Home|News|Photo|Opinions|CCYL|Fun|Fashion|Finance|Military|Sports|Employment|University|Travel|Discovery|Video|Games|Autos|Youth Inspring Stories
Tributes paid to the 'angel of peace'

Time:2015-08-28 14:09:00 Source: China Daily China Youth International

  Border city honors the Chinese-Russian girl who sacrificed herself



  Four residents from Vladivostok in Russia - all of whom experienced World War II in childhood - present memorials to Galiya Vasilievna Dubieva on April 26. Vladivostok borders Suifenhe, Heilongjiang province. Provided to China Daily

  A Chinese-Russian girl born in 1928 in Suifenhe, a border city in Heilongjiang province, was named Galiya Vasilievna Dubieva.

  But to the people of that city she is known as "The Angel of Friendship and Peace" for her bravery and ultimate sacrifice during the closing days of World War II.

  Local archives record her as the daughter of local resident Zhang Huanxin and say she "sacrificed her life after traveling to the base to persuade the Japanese to surrender".

  In August 1945, the Soviet Union's Red Army joined Chinese military forces to drive out Japan's Imperial Army.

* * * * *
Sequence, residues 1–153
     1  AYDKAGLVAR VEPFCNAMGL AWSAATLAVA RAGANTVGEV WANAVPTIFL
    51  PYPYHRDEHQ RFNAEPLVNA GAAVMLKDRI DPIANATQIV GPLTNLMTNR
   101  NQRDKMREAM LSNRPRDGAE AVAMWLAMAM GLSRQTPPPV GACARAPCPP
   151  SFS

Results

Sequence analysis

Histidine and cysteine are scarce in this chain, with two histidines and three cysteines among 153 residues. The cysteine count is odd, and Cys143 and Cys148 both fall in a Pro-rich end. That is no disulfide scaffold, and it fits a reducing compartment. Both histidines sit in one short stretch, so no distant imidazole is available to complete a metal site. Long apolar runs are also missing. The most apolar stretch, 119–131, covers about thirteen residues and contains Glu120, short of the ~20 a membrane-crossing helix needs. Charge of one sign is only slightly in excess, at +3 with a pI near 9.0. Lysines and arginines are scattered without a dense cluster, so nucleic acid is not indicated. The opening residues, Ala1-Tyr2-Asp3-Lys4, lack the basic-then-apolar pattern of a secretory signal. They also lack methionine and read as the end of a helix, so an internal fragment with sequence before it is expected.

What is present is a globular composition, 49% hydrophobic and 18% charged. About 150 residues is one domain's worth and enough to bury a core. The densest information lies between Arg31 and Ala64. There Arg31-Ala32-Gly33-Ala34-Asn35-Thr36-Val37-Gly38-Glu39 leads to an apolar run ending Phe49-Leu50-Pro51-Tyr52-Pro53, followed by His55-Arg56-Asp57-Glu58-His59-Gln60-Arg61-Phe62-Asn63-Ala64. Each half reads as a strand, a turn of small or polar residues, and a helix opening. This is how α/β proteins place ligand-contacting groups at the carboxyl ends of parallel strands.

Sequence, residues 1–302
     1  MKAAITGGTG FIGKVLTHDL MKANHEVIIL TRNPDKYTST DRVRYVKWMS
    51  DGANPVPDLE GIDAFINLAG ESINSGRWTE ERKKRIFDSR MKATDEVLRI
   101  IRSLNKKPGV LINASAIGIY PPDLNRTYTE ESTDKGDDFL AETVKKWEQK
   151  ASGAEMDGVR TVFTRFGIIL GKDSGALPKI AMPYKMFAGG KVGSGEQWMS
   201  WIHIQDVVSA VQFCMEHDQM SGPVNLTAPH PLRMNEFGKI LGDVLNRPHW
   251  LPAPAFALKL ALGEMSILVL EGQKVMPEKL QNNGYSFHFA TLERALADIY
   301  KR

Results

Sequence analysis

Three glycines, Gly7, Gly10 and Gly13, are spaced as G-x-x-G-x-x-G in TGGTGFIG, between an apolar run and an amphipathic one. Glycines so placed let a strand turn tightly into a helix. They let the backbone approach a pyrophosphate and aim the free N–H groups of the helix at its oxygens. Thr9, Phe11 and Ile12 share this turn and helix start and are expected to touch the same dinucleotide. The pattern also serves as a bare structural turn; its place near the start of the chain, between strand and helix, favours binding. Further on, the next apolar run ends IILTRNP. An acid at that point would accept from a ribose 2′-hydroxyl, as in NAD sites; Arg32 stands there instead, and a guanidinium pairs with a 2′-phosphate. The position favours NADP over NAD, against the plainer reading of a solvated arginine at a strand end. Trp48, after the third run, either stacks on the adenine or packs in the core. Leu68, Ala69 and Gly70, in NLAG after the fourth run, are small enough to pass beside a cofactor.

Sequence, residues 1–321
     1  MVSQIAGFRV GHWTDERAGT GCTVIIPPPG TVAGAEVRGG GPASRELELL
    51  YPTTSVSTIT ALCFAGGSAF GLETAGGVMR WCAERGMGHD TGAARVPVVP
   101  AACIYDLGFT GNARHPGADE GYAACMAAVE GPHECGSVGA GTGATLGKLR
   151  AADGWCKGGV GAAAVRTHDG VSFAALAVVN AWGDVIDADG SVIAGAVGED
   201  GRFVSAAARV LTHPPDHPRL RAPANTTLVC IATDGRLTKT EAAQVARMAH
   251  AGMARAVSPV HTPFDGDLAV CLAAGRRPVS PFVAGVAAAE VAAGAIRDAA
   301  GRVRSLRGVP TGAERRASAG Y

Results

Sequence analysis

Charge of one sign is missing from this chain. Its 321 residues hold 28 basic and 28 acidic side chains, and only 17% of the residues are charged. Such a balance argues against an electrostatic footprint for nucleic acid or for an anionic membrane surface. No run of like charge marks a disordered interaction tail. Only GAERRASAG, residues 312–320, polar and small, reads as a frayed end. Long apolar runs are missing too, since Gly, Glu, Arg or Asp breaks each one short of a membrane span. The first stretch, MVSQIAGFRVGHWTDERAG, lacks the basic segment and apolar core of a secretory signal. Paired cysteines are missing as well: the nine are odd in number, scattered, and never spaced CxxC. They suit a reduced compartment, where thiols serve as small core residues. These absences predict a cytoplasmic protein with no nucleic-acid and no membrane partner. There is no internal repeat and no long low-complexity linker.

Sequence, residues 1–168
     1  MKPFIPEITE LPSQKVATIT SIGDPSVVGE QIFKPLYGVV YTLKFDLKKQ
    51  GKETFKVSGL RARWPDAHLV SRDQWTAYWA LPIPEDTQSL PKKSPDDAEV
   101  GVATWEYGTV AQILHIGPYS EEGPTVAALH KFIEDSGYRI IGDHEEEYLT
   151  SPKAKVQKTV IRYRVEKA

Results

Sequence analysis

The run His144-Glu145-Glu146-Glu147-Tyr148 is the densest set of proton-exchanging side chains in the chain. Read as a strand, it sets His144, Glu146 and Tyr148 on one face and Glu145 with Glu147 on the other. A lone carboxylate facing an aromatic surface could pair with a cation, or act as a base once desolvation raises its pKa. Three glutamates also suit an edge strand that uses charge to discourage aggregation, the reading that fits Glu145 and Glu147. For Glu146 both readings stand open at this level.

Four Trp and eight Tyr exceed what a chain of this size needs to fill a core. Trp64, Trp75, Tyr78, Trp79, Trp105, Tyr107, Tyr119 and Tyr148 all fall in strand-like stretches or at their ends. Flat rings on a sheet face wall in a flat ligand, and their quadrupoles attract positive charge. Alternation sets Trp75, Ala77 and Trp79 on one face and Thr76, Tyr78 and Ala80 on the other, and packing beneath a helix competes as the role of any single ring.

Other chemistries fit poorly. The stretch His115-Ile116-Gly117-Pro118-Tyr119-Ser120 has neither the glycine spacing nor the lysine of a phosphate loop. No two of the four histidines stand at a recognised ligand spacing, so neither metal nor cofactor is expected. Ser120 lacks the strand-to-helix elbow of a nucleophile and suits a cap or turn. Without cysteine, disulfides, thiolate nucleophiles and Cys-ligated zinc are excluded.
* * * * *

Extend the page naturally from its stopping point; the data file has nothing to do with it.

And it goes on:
After taking Suifenhe on Aug 9, an all-out attack forced about 300 Japanese soldiers, 200 collaborating Chinese policemen and 150 of their family members to withdraw to a garrison on nearby Tianchang Mountain.

  To reduce injury to noncombatants, the Soviet Red Army, instead of launching an attack with artillery, decided to send a special envoy to the base to persuade the Japanese to surrender.

  On Aug 11, Galiya was selected as the interpreter and special envoy after an interview with the Soviet commander.

  Zhang Shulie, Galiya's younger brother, said in a 2003 interview that on Aug 11, 1945, Soviet Red Army soldiers called the family to register at its headquarters.

  "A Red Army official asked, 'Who speaks good Japanese?' and Galiya was recommended," he recalled.

  At the time, 17-year-old Galiya was quite well-known in the city because of her fluency in Russian and Japanese.

  "Galiya told mother that she would calmly persuade the Japanese to surrender, but my mother couldn't help weeping," said Zhang. "We all knew how dangerous the trip would be. Mother took off a new red kerchief from her head and placed it on my sister's shoulders."

  In Russia, it is believed that a new kerchief can bring people good luck.

  "Galiya kissed mother on the forehead and told her not to worry; she would return soon after the negotiations," said Zhang. "But she never came back."

  On Aug 12, a party led by Soviet officer Fedorchenko Stepan Zakharevich arrived at the garrison.

Online Dictionary:

About UsContact UsAdvertiseJobsIllegal Information Reporting Send qnb to 10658000 to order Mobile China Youthz

Organized by CCYL and Network Film & TV center of CCYL Copyright@China Youth International. All rights reserved.
信息网络传播视听节目许可证0105108号 京|ICP备11020872号-17 京公网安备110105007246